Some of the differences are "myth", others are actual, but in reality, we read each others' literature, live in each others' countries, go to each others' universities, marry each other, write for each others' newspapers - it is impossible for US and UK English to be very different languages.

 The veterinarian said, "look at that lamb's leg" as he barbecued a leg of lamb.

Allen- If he 'SAID' it how can we see the apostrophe :) ? I just feel we would be better off without them, if we understand spoken language perfectly well without them. 
But Anyse, please note I am only against apostrophes- not people who use them! Of course we all se them, because convention says we should- I am questioning convention, not getting at anyone who uses apostrophes in any particular context. The discussion in this thread has been open and thoughtful. 
The kind of elitism I was questioning is where people sneer at other people's use of punctuation- it is particularly common in the UK- especially from journalists and columnists who like to make fun of what they perceive to be the 'less well-educated' sections of the population. That is the kind of elitism I was referring to- maybe it is not common where you are based.

<<The veterinarian said, "look at that lamb's leg" as he barbecued a leg of lamb. >> Which lamb was he/she looking at? One in a field next to the barbecue? Or...? 

<<That is the kind of elitism I was referring to- maybe it is not common where you are based. >> I get the impression from the discussions in Grammar Greeks and elsewhere that it is as bad in the States as in the UK, and maybe even worse.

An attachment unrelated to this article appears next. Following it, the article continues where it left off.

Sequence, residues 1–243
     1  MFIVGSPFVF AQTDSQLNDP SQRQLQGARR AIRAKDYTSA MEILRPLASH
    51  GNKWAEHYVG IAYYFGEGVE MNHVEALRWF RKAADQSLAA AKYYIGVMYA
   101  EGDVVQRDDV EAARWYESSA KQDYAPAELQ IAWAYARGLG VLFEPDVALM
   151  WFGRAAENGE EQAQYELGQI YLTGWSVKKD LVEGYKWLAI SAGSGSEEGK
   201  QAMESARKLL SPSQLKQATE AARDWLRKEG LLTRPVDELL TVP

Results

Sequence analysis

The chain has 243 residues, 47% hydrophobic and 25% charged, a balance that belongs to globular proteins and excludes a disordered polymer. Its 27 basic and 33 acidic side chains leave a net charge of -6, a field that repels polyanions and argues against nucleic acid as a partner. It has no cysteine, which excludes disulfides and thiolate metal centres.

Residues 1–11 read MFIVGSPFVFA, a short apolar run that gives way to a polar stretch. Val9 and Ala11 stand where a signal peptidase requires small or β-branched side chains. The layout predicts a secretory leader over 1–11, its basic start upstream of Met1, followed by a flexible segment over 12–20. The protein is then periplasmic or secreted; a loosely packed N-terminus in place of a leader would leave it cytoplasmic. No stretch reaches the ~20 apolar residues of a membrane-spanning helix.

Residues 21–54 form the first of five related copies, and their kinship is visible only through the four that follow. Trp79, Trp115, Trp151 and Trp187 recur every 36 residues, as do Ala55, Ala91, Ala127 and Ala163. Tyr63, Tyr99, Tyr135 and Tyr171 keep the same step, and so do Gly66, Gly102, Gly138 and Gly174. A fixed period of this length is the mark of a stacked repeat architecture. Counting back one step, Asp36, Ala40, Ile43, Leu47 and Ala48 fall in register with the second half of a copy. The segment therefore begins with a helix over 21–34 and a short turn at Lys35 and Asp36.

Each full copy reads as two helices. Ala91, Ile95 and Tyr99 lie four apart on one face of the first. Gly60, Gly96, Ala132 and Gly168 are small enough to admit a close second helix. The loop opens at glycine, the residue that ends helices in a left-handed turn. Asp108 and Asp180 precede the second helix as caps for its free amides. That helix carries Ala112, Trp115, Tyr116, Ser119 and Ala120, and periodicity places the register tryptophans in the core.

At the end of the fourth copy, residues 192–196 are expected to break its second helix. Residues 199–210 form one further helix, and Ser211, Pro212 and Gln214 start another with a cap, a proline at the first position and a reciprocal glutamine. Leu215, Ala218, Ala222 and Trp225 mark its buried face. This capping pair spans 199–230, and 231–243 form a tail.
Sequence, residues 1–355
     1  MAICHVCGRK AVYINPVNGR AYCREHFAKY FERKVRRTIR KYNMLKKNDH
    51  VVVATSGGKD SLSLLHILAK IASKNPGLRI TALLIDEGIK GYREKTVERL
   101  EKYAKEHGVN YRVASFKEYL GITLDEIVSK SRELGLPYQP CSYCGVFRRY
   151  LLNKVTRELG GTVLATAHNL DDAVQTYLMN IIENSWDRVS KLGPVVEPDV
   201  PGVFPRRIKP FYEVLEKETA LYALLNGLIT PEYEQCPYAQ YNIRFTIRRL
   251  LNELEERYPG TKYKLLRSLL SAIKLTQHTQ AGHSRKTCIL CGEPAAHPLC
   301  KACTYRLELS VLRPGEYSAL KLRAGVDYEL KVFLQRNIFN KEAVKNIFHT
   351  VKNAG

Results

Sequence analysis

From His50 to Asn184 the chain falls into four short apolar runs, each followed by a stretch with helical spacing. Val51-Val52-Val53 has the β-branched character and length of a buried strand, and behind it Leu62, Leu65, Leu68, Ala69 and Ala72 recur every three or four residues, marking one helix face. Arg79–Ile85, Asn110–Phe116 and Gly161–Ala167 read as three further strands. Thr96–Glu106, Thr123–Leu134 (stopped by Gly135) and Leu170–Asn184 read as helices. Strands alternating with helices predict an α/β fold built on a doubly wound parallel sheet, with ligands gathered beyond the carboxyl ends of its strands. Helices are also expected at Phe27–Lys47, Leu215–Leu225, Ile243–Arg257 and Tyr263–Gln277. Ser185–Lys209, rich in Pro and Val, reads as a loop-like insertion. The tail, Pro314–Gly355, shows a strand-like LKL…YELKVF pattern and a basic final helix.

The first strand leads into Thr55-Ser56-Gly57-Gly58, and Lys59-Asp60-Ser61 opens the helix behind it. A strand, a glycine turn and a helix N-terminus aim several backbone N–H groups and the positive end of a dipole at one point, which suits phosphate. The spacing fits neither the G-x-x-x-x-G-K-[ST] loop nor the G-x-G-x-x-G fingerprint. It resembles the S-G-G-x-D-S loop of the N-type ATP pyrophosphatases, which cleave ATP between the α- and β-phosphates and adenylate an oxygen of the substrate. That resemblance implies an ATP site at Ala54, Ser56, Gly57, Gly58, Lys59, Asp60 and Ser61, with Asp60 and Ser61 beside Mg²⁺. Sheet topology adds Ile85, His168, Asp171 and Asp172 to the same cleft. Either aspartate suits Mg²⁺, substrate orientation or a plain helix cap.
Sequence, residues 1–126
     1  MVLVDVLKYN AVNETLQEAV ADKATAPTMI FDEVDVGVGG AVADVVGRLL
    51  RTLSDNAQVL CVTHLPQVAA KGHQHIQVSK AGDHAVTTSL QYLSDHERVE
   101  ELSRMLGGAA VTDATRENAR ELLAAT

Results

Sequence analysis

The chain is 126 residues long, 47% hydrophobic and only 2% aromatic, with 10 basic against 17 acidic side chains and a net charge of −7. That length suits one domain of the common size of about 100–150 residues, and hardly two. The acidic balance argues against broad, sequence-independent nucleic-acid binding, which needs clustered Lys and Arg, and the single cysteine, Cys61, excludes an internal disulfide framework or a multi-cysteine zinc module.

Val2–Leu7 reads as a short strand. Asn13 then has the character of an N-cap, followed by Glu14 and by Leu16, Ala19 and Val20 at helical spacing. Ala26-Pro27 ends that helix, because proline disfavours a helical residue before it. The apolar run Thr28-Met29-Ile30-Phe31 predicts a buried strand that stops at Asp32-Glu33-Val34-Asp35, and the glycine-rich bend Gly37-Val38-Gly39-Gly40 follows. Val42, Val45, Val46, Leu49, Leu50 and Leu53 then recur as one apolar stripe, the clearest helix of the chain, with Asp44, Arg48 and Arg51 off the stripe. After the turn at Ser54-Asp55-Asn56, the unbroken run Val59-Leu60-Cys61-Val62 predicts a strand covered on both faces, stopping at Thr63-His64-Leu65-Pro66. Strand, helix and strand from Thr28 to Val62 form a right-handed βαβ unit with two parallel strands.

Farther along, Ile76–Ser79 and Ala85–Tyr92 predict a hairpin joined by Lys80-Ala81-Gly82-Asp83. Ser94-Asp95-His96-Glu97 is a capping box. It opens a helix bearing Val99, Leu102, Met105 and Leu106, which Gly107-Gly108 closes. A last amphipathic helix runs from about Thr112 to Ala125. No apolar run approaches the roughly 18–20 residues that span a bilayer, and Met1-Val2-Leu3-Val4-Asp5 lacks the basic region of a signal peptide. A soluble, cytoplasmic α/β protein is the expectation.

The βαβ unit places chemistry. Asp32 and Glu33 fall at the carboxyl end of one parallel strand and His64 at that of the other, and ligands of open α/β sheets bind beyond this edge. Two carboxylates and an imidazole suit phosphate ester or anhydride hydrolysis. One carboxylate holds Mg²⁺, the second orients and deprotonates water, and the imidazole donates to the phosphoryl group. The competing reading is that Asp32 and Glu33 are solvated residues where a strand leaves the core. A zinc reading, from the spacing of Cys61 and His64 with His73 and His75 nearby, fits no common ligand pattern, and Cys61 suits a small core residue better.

PS - what I mean by us being "INSIDE" English is that we are so used to focusing in on the differences, that we lose sight of the domination of sameness. We can quite easily communicate with people from the States (etc.) because the vast bulk of the English we use is the same.

...
Here is an interesting one I came across this evening: for part of an experimental section in a thesis I was reviewing, the writer has written the heading 'Materials synthesis'' . 
My question to the forum members- does this sound OK to you? what advice would you give this writer about use of apostrophe or otherwise??

...
Materials Synthesis : I would take this without having read the paper as referring to synthesis as applied to different materials (or different materials and the synthesis that occirs to them); this being different from "material synthesis", which would probably refer to synthesis as applied to (a) material state(s), or the synthesis that occurs in a material state. 

Materials synthesis = The synthesis of materials is another possibility - but this is not a possessive; it is a partitive. 

In other words, no '.

<Materials synthesis> 

It sounds OK to me. It sounds like a program where different materials are synthesized.